There seems to be a disturbing trend within our culture to take for granted that mind is just a byproduct of brain activity. More specifically, consciousness or thought is a manifestation of mere brain activity. To paraphrase Blasé Pascal, we are but reeds, the most-feeble things in Nature; but we are thinking reeds. And when the measurable evidence of thought is absent, “we” are dead and gone. Disembodied souls or minds are fairy tales.
In Texas, the family of a brain dead, pregnant woman wanted to remove life support, while the hospital sought to continue it for the sake of her unborn child. After a court order, the woman (and child) were removed from life support and died. In California, the family of a brain dead teenage girl fought to retain life support while the hospital sought to remove her from a ventilator because she was legally dead. The hospital eventually released her to the coroner, insisting this was necessary, because she was legally dead. The coroner then immediately turned her over to the parents, who now have her at an undisclosed location.
These two situations illustrate the dilemma that technological advancements have brought to the mind-body dualism of human nature. No more can we say with confidence, “What is mind? Never Matter! What is matter? Never Mind!” The husband and family of the Texas woman believed her mind was gone and would never return. The family of the teenage girl continues to hope that despite all the negative medical evidence, her mind is still present and may someday resume its manifestation in her bodily life.
We cannot quantify or measure the presence of mind, so medicine and law assumes the absence of a soul in these circumstances. More likely, the possibility of soul or mind independent of body is not considered at all. Do the machines register any brain activity? Does a medical expert interpret these readings as indicating life or death?
Biblically, the terms heart, soul, mind and spirit are all used to refer to nonmaterial human nature. As the theologian Anthony Hoekema puts it, we are material and nonmaterial; we have a physical side and a mental or spiritual side. A human being must be understood as an embodied soul; a unitary being. “He or she must be seen in his or her totality, not a composite of different parts.”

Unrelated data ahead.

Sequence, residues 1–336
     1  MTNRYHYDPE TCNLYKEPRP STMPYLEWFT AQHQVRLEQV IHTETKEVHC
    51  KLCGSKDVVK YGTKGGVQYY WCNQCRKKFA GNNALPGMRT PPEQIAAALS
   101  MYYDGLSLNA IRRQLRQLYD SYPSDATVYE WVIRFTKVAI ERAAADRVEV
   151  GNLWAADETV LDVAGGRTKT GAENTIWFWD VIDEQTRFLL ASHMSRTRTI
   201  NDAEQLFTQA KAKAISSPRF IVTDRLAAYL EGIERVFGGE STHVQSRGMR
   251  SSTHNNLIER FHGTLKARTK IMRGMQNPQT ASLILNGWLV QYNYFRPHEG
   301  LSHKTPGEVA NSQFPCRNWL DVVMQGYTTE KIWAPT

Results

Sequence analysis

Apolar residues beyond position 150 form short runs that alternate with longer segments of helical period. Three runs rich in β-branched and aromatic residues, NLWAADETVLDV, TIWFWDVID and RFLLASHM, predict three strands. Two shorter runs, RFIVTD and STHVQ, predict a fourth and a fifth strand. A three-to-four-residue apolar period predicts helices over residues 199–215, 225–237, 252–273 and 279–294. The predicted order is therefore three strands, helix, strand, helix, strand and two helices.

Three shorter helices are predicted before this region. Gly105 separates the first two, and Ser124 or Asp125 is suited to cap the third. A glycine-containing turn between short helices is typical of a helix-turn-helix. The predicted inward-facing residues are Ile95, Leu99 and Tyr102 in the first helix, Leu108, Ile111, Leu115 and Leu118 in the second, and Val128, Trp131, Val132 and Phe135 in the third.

Hoekema suggests that human nature is a psychosomatic unity of body (soma) and soul (psyche). “The advantage of this expression is that it does full justice to the two sides of man, while stressing man’s unity.” There are material and nonmaterial aspects to humanity that constitute an indivisible whole. He quoted the “brain physicist” Donald M. MacKay to illustrate this relationship between mind and brain:
We are considering them [my conscious experience and the workings of my brain] as two equally real aspects of one and the same mysterious unity. The outside observer sees one aspect, as a physical pattern of brain activity. The agent himself knows another aspect as his conscious experience. . . . What we are saying is that these aspects are complementary.”
Understanding human nature as a psychosomatic unity of body and soul raises serious questions about how we should conceptualize mind-body problems like addiction and “mental illness.” Stephen Weatherhead, a British psychologist, voiced his fear that “We are in danger of trying to neurofy every human experience, every response, every behaviour. . . . We must be careful not to keep on digging away on this hypothesis that all mental health difficulties have a root cause in biology.” Weatherhead does not want to see neuropsychology self-destruct and “fall into the pit of over-simplifying complex human experience.”
Neuroscience will likely play an increasingly important role in our lives, but we would do well to keep in mind the word of Heraclitus, a pre-Socratic Greek philosopher, who said: “You will not find the limits of the soul, though you take every road; so deep is the tale of it.” Remember, you are but a thinking reed.